The morning was geared toward helping people understand Word - in all its richness. Providing background in Scripture, theology and Tradition, the presenters developed an understanding that the liturgical words we speak "mean" Christ. They also showed how participation in the Mass is participation in the Liturgy of Heaven. Sacramental words, they said, "are porters, for they carry and make present the reality they symbolize. This reality is the eternal divine dialogue [among the Persons of the Trinity] restored in Christ, and carried on today in the Mystical Body [the Assembly at Mass]" Fr. Martis talked about the difference between "gathering" and "assembling" a people - the former being more a sense of bringing people into one place physically, the latter meaning putting the parts of the Mystical Body of Christ together. When we, as the Mystical Body, speak liturgical words, we participate in the conversation among Father, Son and Spirit.
Although this was not mentioned in the workshop, I know of no better way to explain it than to connect it to The General Instruction of the Liturgy of the Hours, which defines this participation in the Liturgy of Heaven well in paragraph 3 -
When the Word, proceeding from the Father as the splendor of his glory, came to give us all a share in God's life, "Christ Jesus, High Priest of the new and eternal covenant, taking human nature, introduced into this earthly exile the hymn of praise that is sung throughout all ages in the halls of heaven." From then on in Christ's heart the praise of God assumes a human sound in words of adoration, expiation, and intercession, presented to the Father by the Head of the new humanity, the Mediator between God and his people, in the name of all and for the good of all.
Coming out of a seminary background enriched by a deep understanding of Liturgy of the Hours, the presenters link this understanding of the Liturgy of Heaven to what is going on in the Mass. This speaks to the need for a "universal" language - and to the accuracy of all vernacular translations around the globe, in all times and all ages. We need as a people not bound by time or space, to speak with one voice the same "words".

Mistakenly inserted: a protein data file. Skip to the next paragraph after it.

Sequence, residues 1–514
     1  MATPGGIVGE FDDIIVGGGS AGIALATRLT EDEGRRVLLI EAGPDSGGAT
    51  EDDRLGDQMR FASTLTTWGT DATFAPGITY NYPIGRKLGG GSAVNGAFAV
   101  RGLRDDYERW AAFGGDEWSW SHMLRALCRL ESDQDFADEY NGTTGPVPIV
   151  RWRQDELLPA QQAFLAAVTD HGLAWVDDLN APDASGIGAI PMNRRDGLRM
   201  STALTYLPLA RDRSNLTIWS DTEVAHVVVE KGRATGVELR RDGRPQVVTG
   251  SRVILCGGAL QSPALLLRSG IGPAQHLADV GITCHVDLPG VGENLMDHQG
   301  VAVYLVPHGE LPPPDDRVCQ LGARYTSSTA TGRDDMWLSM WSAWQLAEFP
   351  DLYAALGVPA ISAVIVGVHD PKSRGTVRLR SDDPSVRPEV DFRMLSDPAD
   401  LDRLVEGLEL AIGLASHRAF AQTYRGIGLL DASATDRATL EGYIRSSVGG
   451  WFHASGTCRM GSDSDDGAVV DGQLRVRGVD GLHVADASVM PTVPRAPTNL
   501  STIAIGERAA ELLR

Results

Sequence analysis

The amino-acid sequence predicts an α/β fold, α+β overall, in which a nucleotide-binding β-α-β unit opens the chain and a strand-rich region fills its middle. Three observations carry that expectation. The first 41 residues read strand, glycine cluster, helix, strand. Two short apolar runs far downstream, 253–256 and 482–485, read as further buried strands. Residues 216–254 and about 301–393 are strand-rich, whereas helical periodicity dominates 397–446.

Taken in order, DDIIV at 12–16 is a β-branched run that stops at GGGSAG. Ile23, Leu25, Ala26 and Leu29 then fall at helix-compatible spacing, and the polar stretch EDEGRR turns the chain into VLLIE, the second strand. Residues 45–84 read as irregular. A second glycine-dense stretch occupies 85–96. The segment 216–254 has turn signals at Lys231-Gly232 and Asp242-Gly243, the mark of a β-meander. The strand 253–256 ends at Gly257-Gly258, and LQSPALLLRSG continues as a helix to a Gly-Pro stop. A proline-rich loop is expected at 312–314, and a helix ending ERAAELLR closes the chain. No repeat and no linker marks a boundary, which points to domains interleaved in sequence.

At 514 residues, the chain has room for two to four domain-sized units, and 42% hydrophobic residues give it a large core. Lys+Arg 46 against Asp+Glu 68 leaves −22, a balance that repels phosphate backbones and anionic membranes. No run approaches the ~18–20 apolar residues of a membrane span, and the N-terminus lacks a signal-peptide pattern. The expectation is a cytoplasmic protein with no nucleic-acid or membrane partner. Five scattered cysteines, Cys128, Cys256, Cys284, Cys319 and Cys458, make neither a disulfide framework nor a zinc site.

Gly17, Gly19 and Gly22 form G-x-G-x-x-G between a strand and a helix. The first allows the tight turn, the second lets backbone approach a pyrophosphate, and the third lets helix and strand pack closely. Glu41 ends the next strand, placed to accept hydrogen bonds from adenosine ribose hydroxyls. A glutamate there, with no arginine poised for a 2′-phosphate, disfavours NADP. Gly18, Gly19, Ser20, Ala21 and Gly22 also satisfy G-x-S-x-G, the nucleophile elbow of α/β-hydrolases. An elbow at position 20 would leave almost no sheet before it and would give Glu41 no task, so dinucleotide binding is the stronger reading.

The presenters proceeded to work though an understanding of sign, symbol and sacrament. Then, they laid the context for the Third Roman Missal in the history of liturgical renewal from the beginning of the 20th Century to Liturgiam Authenticam, the 2001 document which laid out the principles that resulted in the new translation which we will be implementing beginning November 27, 2011.
The "Workshop Philosophy" from the Mystical Body, Mystical Voice website is a great summary of the backdrop presented in the first part of the workshop:
• The Mystical Body, Mystical Voice program sees the implementation of the third typical edition of the Roman Missal as a providential opportunity for heeding the call of Vatican II to enrich the liturgical participation of the faithful.
• Mystical Body, Mystical Voice is based on the liturgical principle lex orandi, lex credendi, holding that the Church says what she believes when she prays and means what she says.
• Mystical Body, Mystical Voice recalls that the Sacred Liturgy is safeguarded by the Church and its purpose is the glorification of God and the sanctification of humanity. To that end, the texts of the Mass are seen in light of the Paschal Mystery and the Church as the Mystical Body of Christ.
• Mystical Body, Mystical Voice reiterates that the words we say make a difference in worship and in life because language itself is sacramental. The language we use communicates what we believe.
• Mystical Body, Mystical Voice understands that the instruction Liturgiam Authenticam represents an ongoing implementation of the Second Vatican Council.
Having laid this groundwork in the morning, the presenters spent the afternoon on specifics about new wording for Liturgy of the Word, Liturgy of the Eucharist, and some tips for Catechesis. (I see a need for these to be expanded to include some more specific tips for parish leaders.)
Bottom line: this workshop is a very good experience. Yes, it's "heavy" and may stretch people who do not have academic background. That may mean that the presenters will have to vary their approach to assist those for whom thinking about liturgy in these kinds of terms is new. Will it help with the implementation of the new Mass translation? Yes - by providing parish leaders with a personal understanding and way to talk about the new translation - and by helping them understand that liturgical catechesis is an ongoing imporant priority in all parishes and not just an occasional thing or a one-time process to get people to pray with new words.